I am inside an enterprise network, and connecting a P2P VPN to an Azure VPN gateway. With that VPN connection up I can RDP to a jump server.

I want to do a port scan, indicated by the red arrow. The ports should appear to be closed when scanned from any other place than the jump host (due to firewall rules, in Azure - Network Security Group rules).

I want to test that nodes connected to the VPN gateway should be able to reach the jump host, but nothing else. The reason we want to test this is that we are using Azure technology that is new to us (firewall rules implemented by Network Security Groups). It's a proof of concept project.

What I discovered is that I cannot scan these directly with nmap from my local machine, because the VPN is treated like a PPP connection/dialup interface in windows. E.g. see http://seclists.org/nmap-dev/2006/q3/438.

I am looking for input suggestions on how to proceed.

enter image description here

  • Maybe this post belongs under network engineering. I am a bit new, can I migrate my post there, or could I simply re-post it there?
    – BenM
    Mar 6, 2018 at 9:14
  • Honestly i dont see they fixed it ever. Needlesly to ask probably but you cant access the VPN Gateway directly arent you :)? Mar 6, 2018 at 9:17
  • Thanks for the graphic! It makes the network much easier to understand. And yes, this is a networking question, not a security question. Do not re-post, let us migrate.
    – schroeder
    Mar 6, 2018 at 9:17
  • I think google has some alternatives for you already. This might work: nmap.org/nsedoc/scripts/broadcast-pppoe-discover.html Mar 6, 2018 at 9:17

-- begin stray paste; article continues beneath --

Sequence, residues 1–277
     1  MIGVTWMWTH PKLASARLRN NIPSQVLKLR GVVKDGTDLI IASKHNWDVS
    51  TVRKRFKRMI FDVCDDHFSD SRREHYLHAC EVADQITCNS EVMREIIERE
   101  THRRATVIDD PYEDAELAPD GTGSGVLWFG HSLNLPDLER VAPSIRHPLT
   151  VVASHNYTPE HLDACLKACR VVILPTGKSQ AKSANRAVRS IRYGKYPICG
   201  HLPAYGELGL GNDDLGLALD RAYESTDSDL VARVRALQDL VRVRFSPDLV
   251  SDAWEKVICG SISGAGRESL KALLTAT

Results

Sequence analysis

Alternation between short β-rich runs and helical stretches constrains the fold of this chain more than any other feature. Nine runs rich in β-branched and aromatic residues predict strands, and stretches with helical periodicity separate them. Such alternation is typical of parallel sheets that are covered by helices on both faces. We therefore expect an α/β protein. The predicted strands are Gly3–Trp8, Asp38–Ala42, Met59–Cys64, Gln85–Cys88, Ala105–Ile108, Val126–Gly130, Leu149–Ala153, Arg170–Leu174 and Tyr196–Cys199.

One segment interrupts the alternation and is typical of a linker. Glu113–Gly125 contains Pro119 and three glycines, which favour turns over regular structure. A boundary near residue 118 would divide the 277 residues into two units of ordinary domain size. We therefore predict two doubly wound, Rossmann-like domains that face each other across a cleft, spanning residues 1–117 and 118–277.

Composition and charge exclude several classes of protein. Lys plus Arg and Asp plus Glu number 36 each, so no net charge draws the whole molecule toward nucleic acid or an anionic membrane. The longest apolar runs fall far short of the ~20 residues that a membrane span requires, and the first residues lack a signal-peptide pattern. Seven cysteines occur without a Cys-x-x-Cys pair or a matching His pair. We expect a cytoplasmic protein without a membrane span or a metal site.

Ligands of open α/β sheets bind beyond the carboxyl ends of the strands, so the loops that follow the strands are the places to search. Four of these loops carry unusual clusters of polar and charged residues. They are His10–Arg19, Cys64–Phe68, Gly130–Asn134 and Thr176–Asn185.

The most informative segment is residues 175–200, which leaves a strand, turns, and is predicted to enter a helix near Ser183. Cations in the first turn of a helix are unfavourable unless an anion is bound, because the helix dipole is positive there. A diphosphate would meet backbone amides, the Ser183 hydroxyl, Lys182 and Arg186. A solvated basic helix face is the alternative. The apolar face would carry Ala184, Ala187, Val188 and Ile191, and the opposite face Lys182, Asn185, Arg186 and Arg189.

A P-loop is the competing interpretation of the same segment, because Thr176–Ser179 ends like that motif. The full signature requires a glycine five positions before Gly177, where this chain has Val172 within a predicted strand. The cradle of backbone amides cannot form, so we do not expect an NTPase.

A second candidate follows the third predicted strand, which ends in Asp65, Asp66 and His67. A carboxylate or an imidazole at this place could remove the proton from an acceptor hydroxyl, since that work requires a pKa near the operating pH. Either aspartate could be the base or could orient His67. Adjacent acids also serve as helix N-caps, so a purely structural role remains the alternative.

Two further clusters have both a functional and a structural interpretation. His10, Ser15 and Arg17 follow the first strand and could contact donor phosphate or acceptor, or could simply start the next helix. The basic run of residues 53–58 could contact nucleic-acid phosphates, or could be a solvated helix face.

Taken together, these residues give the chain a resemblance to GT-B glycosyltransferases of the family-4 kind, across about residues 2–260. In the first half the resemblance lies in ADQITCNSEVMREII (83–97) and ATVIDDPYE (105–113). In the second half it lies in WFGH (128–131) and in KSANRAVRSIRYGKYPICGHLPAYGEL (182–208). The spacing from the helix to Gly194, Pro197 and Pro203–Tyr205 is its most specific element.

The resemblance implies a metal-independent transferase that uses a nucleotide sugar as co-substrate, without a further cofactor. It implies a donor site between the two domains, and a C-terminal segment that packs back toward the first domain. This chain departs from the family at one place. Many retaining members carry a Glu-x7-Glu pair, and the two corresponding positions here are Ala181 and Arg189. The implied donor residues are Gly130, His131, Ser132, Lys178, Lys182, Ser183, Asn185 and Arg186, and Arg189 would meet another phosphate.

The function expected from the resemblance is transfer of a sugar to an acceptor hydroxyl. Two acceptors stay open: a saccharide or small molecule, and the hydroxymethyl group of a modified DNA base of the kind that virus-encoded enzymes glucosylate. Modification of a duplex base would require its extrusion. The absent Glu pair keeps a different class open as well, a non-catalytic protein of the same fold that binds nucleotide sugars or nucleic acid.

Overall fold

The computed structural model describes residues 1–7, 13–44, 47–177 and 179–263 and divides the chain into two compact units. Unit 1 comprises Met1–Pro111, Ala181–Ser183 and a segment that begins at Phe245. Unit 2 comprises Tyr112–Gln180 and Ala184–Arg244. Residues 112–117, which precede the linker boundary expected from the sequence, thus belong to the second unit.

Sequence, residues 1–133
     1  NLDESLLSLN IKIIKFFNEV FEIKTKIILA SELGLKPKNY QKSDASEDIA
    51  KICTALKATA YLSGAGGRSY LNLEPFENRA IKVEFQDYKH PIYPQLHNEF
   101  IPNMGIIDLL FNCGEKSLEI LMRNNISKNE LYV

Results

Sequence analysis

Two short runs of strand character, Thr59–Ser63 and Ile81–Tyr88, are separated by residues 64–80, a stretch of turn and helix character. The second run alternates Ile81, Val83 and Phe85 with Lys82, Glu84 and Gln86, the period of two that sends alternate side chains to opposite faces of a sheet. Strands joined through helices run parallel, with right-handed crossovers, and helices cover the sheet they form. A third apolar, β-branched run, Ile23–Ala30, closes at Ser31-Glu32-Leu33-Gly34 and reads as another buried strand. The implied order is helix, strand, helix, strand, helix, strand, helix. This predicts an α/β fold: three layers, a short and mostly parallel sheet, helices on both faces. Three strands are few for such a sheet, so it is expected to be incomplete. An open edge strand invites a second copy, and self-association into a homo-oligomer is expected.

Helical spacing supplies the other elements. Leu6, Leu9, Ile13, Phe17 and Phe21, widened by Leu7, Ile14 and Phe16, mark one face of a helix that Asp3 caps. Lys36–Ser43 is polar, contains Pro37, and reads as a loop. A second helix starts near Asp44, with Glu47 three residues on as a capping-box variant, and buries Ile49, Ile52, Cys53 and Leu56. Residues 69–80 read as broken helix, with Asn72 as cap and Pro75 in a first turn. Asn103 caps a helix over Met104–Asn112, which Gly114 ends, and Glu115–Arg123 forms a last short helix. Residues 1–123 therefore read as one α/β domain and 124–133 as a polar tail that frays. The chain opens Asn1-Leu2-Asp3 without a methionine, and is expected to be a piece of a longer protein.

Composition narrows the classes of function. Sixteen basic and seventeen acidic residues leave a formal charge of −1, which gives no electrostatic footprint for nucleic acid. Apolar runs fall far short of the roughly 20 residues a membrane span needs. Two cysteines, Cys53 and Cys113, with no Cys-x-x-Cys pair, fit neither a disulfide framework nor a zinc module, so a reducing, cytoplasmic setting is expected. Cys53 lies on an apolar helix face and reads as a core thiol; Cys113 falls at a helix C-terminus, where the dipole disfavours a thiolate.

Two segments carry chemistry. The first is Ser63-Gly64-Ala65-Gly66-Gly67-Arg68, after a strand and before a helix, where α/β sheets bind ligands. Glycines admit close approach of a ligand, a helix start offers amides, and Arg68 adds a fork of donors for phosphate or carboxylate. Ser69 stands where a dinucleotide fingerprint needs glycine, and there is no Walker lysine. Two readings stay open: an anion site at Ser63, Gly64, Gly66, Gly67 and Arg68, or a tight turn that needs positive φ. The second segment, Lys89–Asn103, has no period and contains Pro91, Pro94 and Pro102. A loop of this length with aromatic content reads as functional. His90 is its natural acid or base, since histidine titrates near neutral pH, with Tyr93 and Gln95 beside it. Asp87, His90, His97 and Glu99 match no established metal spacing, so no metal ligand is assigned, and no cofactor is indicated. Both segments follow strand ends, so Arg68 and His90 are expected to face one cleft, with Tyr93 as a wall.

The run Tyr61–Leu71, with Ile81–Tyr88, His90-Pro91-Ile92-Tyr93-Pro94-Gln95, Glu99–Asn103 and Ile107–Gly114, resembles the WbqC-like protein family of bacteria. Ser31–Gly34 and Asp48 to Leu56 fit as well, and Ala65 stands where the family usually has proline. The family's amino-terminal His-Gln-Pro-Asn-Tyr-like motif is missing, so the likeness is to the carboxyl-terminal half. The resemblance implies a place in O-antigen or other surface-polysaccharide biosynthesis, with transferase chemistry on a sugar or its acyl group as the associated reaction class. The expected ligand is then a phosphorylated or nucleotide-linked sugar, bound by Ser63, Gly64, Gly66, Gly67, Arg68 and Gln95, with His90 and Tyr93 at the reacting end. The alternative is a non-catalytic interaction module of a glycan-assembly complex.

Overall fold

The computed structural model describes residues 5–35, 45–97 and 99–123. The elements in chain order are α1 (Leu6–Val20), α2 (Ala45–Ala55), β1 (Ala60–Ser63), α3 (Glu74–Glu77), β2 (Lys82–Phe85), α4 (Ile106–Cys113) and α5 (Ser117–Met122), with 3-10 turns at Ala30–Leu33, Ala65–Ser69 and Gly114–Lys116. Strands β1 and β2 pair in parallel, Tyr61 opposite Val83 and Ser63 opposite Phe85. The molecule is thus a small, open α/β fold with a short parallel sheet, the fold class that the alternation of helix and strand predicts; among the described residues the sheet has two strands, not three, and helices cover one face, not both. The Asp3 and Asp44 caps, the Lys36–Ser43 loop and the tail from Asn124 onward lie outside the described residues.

• 1
    @AdamSitemap thanks for the response. From reading the site you provided it seems PPPoE needs an ethernet interface. The problem is that the VPN connection is not, it is a PPP interface. Regarding the VPN gateway, not exactly sure what you ask. But I cannot use the gateway itself to scan, I need to run the test n the actual network topology.
    – BenM
    Mar 6, 2018 at 9:27

1 Answer 1


I seem to have found a solution. Although it seems Npcap is not fully supporting PPP connections, I was able to use the --unprivileged option, in combination with skipping the ping probe using the -Pn option in nmap. In this case, this seems to suffice for the task I have at hand, although it is not fully clear to me what I might be missing when using the unprivileged mode.

For completeness I am adding the description of these:

--privileged (Assume that the user is fully privileged) Tells Nmap to simply assume that it is privileged enough to perform raw socket sends, packet sniffing, and similar operations that usually require root privileges on Unix systems. By default Nmap quits if such operations are requested but geteuid is not zero. --privileged is useful with Linux kernel capabilities and similar systems that may be configured to allow unprivileged users to perform raw-packet scans. Be sure to provide this option flag before any flags for options that require privileges (SYN scan, OS detection, etc.). The NMAP_PRIVILEGED environment variable may be set as an equivalent alternative to --privileged.

--unprivileged (Assume that the user lacks raw socket privileges) This option is the opposite of --privileged. It tells Nmap to treat the user as lacking network raw socket and sniffing privileges. This is useful for testing, debugging, or when the raw network functionality of your operating system is somehow broken. The NMAP_UNPRIVILEGED environment variable may be set as an equivalent alternative to --unprivileged.

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